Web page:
Herb and Tomato Focaccia


I shared this recipe with the Boulder County Farmers Market and it appeared on The Boulder Daily Camera  together with other in season produce in Colorado, and a word from a Colorado farmer about tomatoes. 


Since we return from Cinque Terre I’ve been on a focaccia-making kick. With rosemary, or mixture of herbs like oregano, french tarragon, thyme and parsley; with roasted garlic, and the latest one topped with tomatoes and an assortment of herbs from the garden. Focaccia is my favorite bread to make at home. It’s easy to get lured by this bread. It’s delicious, simple to make, and I’d dare say, foolproof.  

herbfocaccia

I used to make focaccia when I worked at a small restaurant as a pastry chef more than a decade ago. Making this bread was easier than making any other bread because I didn’t have to tiptoe around it in fear of rough handling it and ending with a deflated, hard bread. This is a flat bread, so it was already a winner, regardless of how busy I was, or how much I neglected it, it always worked. Because it is a flat bread, part of the process is to use ones fingers to stretch the dough on the sheet pan, poking and pushing to create its distinctive dimples and to force it to fill the pan all the way to the edges. 

I hadn’t made it at home in a few years and the experience of having it in its homeland, tasting it and enjoying its light crumb, crunchy edges, and slightly chewy texture, made me crave it again. In Cinque Terre, we found many Focaccerias, but we also found the flat bread in small produce stores where they sold it by weight. They had several broken pieces of different sizes for the customers to choose, then they weighted it, and handed it in parchment paper to keep the oil from getting all over our hands.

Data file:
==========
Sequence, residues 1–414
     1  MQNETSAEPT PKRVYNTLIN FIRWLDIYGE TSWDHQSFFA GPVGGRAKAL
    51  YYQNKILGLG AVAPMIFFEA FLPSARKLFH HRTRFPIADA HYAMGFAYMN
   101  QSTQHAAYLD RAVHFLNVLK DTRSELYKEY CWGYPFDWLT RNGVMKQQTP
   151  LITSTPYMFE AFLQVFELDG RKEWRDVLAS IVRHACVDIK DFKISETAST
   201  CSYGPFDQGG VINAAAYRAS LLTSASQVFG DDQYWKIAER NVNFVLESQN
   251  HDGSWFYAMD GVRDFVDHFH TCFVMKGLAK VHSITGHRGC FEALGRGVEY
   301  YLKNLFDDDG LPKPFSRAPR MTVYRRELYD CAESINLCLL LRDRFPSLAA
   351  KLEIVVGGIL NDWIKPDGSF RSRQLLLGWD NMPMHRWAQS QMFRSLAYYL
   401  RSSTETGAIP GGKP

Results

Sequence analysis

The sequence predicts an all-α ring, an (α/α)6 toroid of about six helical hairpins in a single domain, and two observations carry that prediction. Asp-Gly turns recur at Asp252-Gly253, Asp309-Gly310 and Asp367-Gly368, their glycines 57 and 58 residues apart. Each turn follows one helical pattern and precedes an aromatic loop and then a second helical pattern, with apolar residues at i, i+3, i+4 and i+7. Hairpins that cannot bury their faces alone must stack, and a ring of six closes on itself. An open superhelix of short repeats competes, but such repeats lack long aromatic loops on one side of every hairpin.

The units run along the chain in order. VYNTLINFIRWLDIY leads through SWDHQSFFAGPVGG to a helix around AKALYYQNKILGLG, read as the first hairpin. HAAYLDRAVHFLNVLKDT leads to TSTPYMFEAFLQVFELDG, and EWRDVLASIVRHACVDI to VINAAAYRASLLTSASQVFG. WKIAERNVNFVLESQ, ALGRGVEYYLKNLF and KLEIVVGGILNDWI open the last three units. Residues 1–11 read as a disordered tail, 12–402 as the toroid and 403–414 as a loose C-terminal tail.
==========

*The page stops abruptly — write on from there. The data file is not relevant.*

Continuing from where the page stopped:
herbfocacciawithtomato

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Cinque Terre, The Home of Focaccia

Sitting on the balcony of our tiny apartment in Cinque Terre admiring the open sea, the birds flying free over it, the waves crashing against the ancient rocks, the sun slowly and patiently setting on the far horizon, holding my husband’s hand on one side and a glass of wine on the other, has been one of the most inspiring and calming experiences of my life. I felt alive. 

We arrived at Cinque Terre after a stressful ride from Genova to La Spezia where we parked the car, loaded our suitcase with bottles of wine, and took the train to Rio Maggiore. This, we had read, was the easiest way to get to the Cinque Terre villages, and the best way to ensure a parking spot. On the train, we wondered if we could open one of those bottles to drown our nerves after our first encounter with the Italian way of driving on a narrow highway composed of bridges and tunnels. 

A quick train ride to Rio Maggiore through, yet another, tunnel with round openings where we could see the bright turquoise sea and the resplendent sun for seconds at the time, increased our giddy excitement. Rio Maggiore is the first village from the south {or last from the north, you choose your orientation}, it has a marina, and around from it a rock beach against a tall cliff that echoes the waves pushing the rocks, back and forward; a supernatural experience, especially at night, with closed eyes, and the cool breeze brushing against our bodies like the whispers of spirits. 

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